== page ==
Finely strung centre for music in Graz

Ursula Herrling-Tusch
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MUMUTH lets architecture ring out

Mozart, Haydn, Mahler, Strauß, Lehár or Franz von Suppé: Austria has music in its blood. The history of this country is steeped in an unparalleled musical richness. With his Magic Flute, Mozart created the first German grand opera, Strauss immortalised the Viennese waltz, and Haydn delighted the world with his famous oratorios. Countless sonatas, symphonies, string quartets and concertos of the most illustrious composers originated here. Ludwig van Beethoven also moved early in his life to Vienna and set standards with his works, whose influence on musical tradition remains unsurpassed to this day. But even far away from the Vienna Opera Ball, the Philharmonic and the charm of waltzes, Austria is characterised by its outstanding appreciation of harmony and musical art. Stately structures from all eras underline the reputation of this Alpine country as a treasure trove of architectural delights. With the Centre for Music and Music Theatre (MUMUTH) in Graz, a new jewel now testifies to this remarkable spiritual kinship of music and architecture. "Real art is uncompromising" said Beethoven, who was celebrated as a master of improvisation in his day, defending the freedom of creativity. The same principle underlies the unique identity of the MUMUTH, which was designed by Ben van Berkel and his acclaimed team of architects at the Dutch UNStudio. Following an international architectural competition in 1998 with 212 entries, and after long years of planning and two years of construction, the building has now been opened and can fulfil its destiny as a centre for the fine arts. A filigree membrane of woven metal mesh by GKD – Gebr. Kufferath AG envelopes the MUMUTH, giving it the look of a finely strung soundbox.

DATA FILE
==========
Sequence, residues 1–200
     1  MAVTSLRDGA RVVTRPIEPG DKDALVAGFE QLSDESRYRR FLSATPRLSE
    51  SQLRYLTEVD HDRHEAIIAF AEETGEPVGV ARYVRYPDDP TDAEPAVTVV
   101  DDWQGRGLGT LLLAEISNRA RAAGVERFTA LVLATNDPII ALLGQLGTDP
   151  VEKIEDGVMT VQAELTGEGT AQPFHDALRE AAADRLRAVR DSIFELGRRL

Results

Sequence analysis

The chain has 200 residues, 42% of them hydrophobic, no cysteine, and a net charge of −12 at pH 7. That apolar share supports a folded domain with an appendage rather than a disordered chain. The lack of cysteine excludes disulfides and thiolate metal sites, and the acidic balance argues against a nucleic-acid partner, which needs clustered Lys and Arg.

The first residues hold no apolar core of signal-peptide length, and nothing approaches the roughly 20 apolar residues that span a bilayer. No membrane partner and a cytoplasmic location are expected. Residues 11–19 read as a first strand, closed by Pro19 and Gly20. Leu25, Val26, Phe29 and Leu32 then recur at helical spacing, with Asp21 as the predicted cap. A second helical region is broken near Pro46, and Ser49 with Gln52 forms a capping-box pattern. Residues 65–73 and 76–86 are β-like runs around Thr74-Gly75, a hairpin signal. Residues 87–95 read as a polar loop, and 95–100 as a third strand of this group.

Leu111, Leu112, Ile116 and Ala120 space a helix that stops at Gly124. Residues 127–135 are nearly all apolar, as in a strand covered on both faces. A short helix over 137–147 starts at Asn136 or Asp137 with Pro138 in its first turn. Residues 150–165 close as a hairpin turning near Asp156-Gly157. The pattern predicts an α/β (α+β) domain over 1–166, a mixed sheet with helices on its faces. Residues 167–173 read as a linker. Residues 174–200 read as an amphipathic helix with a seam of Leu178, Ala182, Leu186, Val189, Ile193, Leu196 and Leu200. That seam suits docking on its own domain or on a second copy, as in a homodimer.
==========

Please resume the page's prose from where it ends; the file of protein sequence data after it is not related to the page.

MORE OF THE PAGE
The art of fugue